<section2 topic='Overview' anchor='addr-loc-overview'>
<p>In XMPP Core &rfc6120;, a client fully relies on servers for its XMPP address location. In XMPP Usage of RELOAD, this location function is provided by the overlay as a whole. To register its location, a RELOAD peer stores an XmppLocation Resource Record for its own XMPP address using the XMPP-LOCATION Kind, which is formally defined below. Note that if a client wishes to set the location lifetime it MUST use lifetime of the basic RELOAD StoredData structure (see Section 7 of RFC6940).</p>
<p>As a simple example, consider Juliet with an XMPP address "juliet@capulet.lit" at Node-ID "1234". She might store the mapping "juliet@capulet.lit -> 1234" telling anyone who wants to contact her to establish a direct XMPP stream with node "1234".</p>
<p>RELOAD peers can store two kinds of XMPP mappings,</p>
<li>from an XMPP address to a destination list (a single Node-ID is just a trivial destination list), or</li>
<li>from one XMPP address to another.</li>
<p>The meaning of the first kind of mapping is "in order to contact me, form a connection with this Peer". The meaning of the second kind of mapping is "in order to contact me, dereference this XMPP address". The latter allows for forwarding. For instance, if Juliet wants her messages to be forwarded to Romeo, she might insert the following mapping: "juliet@capulet.lit -> romeo@montague.lit".</p>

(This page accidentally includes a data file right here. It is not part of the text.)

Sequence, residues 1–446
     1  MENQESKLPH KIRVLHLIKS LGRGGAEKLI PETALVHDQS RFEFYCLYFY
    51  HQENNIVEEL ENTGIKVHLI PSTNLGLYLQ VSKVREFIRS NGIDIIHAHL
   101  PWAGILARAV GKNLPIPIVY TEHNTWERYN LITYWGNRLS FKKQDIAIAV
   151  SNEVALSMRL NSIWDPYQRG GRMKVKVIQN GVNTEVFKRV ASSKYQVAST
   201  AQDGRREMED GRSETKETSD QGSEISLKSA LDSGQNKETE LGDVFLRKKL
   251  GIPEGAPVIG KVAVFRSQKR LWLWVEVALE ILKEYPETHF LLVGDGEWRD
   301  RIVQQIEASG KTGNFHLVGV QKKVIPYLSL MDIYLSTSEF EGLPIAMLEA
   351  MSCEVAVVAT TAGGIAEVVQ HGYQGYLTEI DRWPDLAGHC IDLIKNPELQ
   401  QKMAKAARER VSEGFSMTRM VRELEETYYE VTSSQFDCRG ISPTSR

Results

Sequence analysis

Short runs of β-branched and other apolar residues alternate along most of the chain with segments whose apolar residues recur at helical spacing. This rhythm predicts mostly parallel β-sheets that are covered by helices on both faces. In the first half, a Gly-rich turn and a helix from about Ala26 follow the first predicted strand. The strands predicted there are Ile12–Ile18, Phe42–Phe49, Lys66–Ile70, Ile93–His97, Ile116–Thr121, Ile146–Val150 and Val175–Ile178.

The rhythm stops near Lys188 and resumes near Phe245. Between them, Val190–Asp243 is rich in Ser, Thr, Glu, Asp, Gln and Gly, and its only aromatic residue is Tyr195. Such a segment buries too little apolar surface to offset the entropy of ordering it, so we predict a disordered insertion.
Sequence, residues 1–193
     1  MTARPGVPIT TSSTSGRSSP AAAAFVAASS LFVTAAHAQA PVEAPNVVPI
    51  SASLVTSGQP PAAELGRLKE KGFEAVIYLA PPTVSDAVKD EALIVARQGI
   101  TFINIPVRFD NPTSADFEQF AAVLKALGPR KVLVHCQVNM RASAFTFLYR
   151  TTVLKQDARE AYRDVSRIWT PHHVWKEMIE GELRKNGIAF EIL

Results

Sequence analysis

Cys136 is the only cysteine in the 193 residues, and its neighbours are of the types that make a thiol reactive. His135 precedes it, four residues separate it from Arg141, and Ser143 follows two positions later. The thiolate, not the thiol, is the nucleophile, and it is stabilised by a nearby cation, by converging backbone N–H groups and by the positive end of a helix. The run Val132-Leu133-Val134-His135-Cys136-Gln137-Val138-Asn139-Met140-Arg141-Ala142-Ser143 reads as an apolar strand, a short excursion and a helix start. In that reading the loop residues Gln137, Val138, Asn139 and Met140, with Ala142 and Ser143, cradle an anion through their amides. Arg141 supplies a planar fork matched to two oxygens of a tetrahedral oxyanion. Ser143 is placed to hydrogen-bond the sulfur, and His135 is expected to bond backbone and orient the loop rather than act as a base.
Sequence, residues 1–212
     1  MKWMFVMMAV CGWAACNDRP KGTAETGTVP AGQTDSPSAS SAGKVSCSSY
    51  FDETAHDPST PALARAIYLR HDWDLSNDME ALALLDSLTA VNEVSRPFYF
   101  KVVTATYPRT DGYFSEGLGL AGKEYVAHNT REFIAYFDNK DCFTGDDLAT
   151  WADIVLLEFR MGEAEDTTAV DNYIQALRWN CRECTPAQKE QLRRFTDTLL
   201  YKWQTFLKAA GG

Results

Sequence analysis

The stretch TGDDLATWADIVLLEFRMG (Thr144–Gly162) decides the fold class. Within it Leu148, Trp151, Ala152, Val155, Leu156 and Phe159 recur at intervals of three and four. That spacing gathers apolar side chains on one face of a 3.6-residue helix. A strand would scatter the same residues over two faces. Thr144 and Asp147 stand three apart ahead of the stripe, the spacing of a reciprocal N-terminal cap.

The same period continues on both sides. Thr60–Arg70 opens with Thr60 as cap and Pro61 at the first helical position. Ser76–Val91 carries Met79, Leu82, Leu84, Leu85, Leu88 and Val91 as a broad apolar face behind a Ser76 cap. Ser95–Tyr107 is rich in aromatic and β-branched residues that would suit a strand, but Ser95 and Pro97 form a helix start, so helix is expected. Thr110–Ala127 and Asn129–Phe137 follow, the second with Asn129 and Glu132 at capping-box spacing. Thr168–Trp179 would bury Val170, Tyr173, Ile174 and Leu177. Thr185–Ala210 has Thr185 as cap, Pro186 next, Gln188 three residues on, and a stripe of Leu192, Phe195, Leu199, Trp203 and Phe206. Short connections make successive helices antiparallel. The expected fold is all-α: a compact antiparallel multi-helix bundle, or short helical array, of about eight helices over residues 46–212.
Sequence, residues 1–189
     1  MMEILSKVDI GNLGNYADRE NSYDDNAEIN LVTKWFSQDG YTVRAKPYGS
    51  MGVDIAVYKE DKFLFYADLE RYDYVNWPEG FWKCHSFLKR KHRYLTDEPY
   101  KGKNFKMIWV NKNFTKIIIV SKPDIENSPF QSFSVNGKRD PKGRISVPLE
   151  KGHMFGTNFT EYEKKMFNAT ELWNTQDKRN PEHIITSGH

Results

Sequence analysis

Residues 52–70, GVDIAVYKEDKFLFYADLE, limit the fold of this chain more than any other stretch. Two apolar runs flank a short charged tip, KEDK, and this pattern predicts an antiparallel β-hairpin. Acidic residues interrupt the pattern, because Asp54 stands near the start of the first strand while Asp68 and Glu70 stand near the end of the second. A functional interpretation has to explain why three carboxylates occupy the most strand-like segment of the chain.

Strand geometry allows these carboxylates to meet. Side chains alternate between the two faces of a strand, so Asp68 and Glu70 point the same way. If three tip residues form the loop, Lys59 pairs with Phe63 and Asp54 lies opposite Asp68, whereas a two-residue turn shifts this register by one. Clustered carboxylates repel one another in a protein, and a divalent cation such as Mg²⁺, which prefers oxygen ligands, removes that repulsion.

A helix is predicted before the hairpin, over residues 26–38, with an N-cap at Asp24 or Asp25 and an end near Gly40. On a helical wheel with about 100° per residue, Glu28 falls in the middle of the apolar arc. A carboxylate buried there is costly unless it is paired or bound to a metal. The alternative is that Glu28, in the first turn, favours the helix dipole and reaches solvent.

<section2 topic='Data Structure' anchor='data-struct'>
<p>The XmppLocation Resource Record is defined as follows:</p>
enum {
} XmppLocationType;
select (XmppLocation.type) {
case xmpp_location_address:
opaque address<0..2^16-1>;
case xmpp_location_route:
uint8 priority;
Destination destination_list<0..2^16-1>;
/* This type can be extended */
} XmppLocationData;
struct {
XmppLocationType type;
uint16 length;
XmppLocationData data;
} XmppLocation;
<p>The contents of the XmppLocation Resource Record are:</p>
<di><dt>type</dt><dd>the type of the location</dd></di>
<di><dt>length</dt><dd>the length of the rest of the PDU</dd></di>
<di><dt>data</dt><dd>the location data</dd></di>
<li>If the location is of type "xmpp_location_address", then the contents are an opaque string containing the XMPP address. The address MUST be bare (i.e. without a resource part) and MUST be prepared for comparison using PRECIS rules from &rfc7622;.</li>